The 24th change in top place in the Premier League did not come without the predictable healthy dose of nerve-shredding drama as Mohamed Salah’s 90th minute header forced Toby Alderweireld to turn the ball into his own goal, gifting Liverpool a sorely-needed victory.
Cue Anfield celebrating as if they had actually ended that 29-year wait for that elusive league title although, with Manchester City due to play their game in hand against struggling Cardiff on Wednesday, lead change number 25 should only be a couple of days away.
But what relief, what drama and what an understandable reaction from supporters all too aware that margin for error is slender in this of all years and a draw that seemed inevitable as the game ticked into the final minute of regular time could have proved terminal.
It was not. Thanks, largely, to Spurs keeper Hugo Lloris who saved poorly from Salah’s six-yard header, after Trent Alexander-Arnold had crossed a cleared corner, and succeeded only in pushing the ball against Alderweireld and into his own net, failing to stop the ball as it dribbled over the line.
What a sickener for a Tottenham side that has now collected just one point from its last five league games and who could actually have won the game themselves just five minutes earlier when Moussa Sissoko broke clear on goal with team mate Heung-min Son.
The duo had only Virgil van Dijk - and keeper Alisson - to beat but the Dutch defender made a brilliant decision, ensuring the ball remained with Sissoko, rather than the more clinical South Korean, and, sure enough, the Spurs man produced a woeful shot over the goal.
Dele Alli also threatened moments later as Spurs continued a spirited second-half comeback that threatened to turn the game, and the title race, on its head after Liverpool had dominated the first.
Spurs looked like they might be swept aside in a blistering opening half-hour from the home side, the only surprise by the end of that period being that Liverpool’s only led by a solitary goal.
Mauricio Pochettino’s decision to play with three centre-backs seemed solid enough, based on the 2-1 beating they took in the home fixture at Wembley in September.
But the space down the flanks allowed Alexander-Arnold and, especially, Andy Robertson to find room and wreak havoc going forward, the latter delivering the cross that led to Roberto Firmino’s 16th-minute opener.
There were still question marks abut the defending - especially with three of them supposedly filling the middle but Firmino timed his run to perfection, sprinting between Davinson Sanchez and Jan Vertonghen before
rising to head in emphatically from eight yards.
Spurs had actually launched a couple of promising early attacks, with some shaky decision making from Alisson in the home goal adding to a nervy air of uncertainty around Anfield.
But that goal breathed some relief into the stadium, the pressure lifted, for the time being at least, and if Alexander-Arnold’s terrific 20-yard volley had flown the right side of the post, instead of narrowly out for a goal kick, moments later, the afternoon might have been far more comfortable.
Still, Liverpool pressed, with Robertson again starting a move from the left that ended with Georginio Wijnaldum laying the ball up for Sadio Mane to curl a shot just wide, the first of a couple of such efforts in the opening period from the Senegal striker.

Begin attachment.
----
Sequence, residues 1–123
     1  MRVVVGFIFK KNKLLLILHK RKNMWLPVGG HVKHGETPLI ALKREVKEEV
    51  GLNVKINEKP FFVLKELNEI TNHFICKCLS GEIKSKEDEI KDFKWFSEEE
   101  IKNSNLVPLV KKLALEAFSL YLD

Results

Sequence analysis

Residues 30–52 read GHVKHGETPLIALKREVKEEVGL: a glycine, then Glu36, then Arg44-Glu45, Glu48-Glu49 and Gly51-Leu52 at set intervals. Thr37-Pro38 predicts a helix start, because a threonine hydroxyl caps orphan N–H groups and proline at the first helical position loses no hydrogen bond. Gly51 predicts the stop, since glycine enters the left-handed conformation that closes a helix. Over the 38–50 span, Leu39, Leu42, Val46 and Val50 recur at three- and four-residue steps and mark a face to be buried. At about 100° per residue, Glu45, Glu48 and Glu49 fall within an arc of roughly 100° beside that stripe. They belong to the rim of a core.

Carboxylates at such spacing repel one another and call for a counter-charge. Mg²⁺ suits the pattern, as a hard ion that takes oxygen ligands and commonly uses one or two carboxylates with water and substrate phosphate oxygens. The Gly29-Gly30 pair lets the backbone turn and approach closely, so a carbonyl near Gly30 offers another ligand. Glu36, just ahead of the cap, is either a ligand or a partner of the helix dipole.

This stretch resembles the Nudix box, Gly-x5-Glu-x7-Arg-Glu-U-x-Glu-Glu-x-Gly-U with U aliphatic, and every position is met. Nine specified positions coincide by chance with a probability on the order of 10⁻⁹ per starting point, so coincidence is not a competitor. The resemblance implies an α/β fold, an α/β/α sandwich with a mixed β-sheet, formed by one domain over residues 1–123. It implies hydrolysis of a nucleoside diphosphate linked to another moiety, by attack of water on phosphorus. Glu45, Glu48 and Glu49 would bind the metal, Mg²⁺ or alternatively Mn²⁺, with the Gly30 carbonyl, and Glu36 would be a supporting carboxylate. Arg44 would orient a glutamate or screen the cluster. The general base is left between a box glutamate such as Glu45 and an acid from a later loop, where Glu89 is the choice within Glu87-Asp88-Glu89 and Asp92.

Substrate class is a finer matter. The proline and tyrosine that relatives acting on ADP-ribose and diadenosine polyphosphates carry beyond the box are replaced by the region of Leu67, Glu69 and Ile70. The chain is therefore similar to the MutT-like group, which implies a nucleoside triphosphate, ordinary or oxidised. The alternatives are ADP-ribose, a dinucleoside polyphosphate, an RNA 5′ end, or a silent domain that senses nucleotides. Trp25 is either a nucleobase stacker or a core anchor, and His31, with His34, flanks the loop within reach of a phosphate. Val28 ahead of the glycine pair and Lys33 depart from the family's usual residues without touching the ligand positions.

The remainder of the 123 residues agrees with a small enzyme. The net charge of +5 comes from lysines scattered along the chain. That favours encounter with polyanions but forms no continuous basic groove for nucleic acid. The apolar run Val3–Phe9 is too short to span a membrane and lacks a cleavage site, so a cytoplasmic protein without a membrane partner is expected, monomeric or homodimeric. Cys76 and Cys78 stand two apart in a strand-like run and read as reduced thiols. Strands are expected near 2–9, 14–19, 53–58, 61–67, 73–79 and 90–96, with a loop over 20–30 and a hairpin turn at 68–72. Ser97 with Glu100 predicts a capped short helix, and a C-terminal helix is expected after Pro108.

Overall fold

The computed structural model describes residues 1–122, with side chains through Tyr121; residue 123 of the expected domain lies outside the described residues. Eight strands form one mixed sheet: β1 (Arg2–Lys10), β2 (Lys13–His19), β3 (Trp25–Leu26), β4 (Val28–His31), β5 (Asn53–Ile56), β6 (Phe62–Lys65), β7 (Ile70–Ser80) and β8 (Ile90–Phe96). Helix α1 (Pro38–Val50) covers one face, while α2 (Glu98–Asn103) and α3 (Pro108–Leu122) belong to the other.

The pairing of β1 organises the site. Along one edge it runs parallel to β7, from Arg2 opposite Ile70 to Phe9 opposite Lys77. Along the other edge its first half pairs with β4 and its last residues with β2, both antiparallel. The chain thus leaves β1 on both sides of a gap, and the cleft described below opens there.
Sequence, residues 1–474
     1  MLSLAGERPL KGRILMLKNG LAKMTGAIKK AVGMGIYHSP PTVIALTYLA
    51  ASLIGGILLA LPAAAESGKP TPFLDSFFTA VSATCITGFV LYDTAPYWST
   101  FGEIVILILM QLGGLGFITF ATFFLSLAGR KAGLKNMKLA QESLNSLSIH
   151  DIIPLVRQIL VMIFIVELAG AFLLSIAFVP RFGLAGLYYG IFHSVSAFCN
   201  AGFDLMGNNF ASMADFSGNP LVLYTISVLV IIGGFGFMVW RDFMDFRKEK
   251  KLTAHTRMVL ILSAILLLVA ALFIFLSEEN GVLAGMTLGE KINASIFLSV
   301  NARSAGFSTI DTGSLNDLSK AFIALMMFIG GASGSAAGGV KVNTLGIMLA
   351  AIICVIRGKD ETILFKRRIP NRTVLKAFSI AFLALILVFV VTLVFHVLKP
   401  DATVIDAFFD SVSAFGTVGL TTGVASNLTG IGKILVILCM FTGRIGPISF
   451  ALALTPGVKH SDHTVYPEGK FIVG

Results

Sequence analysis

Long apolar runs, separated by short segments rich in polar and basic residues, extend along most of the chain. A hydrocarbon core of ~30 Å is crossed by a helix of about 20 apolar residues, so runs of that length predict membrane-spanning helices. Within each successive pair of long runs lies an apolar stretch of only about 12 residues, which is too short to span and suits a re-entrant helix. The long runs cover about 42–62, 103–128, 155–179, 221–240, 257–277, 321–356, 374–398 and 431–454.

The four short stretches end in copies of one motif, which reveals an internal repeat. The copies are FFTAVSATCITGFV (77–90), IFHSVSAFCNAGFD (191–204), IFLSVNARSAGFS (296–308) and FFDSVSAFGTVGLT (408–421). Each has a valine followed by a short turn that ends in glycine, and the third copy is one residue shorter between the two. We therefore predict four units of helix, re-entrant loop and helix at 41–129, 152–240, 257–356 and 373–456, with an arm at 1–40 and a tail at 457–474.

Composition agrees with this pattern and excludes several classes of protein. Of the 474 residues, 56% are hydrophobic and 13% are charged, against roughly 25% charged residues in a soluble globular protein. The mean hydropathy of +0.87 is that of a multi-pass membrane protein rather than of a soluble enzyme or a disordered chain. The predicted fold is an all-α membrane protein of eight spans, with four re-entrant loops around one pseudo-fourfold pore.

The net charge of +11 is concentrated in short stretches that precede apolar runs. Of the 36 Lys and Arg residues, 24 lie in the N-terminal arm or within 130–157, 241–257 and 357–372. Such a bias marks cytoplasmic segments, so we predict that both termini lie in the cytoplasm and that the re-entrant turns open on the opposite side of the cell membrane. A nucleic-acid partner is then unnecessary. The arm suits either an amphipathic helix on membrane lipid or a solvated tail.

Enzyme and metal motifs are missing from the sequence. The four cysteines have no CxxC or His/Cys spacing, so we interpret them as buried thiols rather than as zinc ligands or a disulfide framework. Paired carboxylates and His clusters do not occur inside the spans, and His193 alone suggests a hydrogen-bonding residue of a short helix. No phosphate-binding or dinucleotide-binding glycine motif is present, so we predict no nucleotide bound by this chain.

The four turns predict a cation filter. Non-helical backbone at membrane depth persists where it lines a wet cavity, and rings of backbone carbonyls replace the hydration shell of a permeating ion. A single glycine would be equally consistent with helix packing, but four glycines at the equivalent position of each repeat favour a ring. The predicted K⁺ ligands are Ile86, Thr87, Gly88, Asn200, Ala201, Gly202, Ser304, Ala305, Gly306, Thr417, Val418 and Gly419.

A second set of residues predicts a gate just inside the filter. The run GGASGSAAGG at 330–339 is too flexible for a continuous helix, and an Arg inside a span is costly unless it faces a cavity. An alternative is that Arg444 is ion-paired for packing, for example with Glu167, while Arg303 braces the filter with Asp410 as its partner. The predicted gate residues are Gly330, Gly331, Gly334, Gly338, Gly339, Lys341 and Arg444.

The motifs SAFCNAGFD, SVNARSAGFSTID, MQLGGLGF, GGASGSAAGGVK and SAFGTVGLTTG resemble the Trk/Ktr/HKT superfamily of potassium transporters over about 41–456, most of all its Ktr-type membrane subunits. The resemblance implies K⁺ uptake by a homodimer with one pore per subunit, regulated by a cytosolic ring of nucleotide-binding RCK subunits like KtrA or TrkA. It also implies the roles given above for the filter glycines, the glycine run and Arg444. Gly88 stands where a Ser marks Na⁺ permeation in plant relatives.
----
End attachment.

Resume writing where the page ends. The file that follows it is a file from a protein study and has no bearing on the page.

Alexander-Arnold also struck the near post from a corner and Sanchez put in a vital tackle on Mohamed Salah but, with Alisson’s increasingly odd performance continuing in the Liverpool goal, Spurs began to sense there might be a route back into the game.
The lively Rose delivered a couple of promising left-wing crosses and Christian Eriksen teed up Alli whose firm strike never really threatened the goal as it flew high and wide.
But the interval allowed Pochettino to rectify his tactical errors of the first half, three at the back turned into a flat back four and Spurs instantly benefited from that change.
After 55 minutes, Spurs finally threatened the Liverpool goal in anger, the excellent Danny Rose finding Harry Kane in space and the England forward forcing Alisson into a save which fell kindly for Christian Eriksen whose follow-up was blocked by Robertson.
Spurs were building momentum, their creative players, anonymous in the first half, starting to make an impact as the game wore on and when Kane showed great speed of thought in taking a quick 69th minute free-kick, Spurs were on the way to equalising.
A fast crossfield pass played in Kieran Trippier who sprinted down the wing, crossed into the area for Eriksen who moved the ball on,
selflessly, to Lucas Moura.
The Brazilian benefited from an intelligent run from Heung-Min Son, who took Joel Matip out of the game, and swept the ball in from six yards.
With a little over 20 minutes to go, the season was potentially on the line - for Tottenham also - and the game did not disappoint.
Alexander-Arnold’s cross-shot was tipped over by Lloris, Firmino could not quite scramble in from point-blank range and Divock Origi’s free-kick was deflected behind in the build-up to yet another grandstand finale in this most memorable of title races.
Alisson 5; Alexander-Arnold 7, Matip 7, Van Dijk 8, Robertson 7; Milner 5 (Fabinho 77, 7), Henderson 5 (Origi 77, 7), Wijnaldum 6; Salah 7 (Lovren 90), Firmino 7, Mane 6. Subs (not used) Mignolet, Keita, Lallana, Shaqiri.
Lloris 4; Alderweireld 6, Sanchez 6 (Son 69, 7), Vertonghen 6; Trippier 7, Eriksen 7 (Llorente 90), Sissoko 6, Alli 6, Rose 8; Kane 7, Moura 7 (Davies 82). Subs (not used) Gazzaniga, Wanyama, Foyth, Skipp.
M Atkinson 7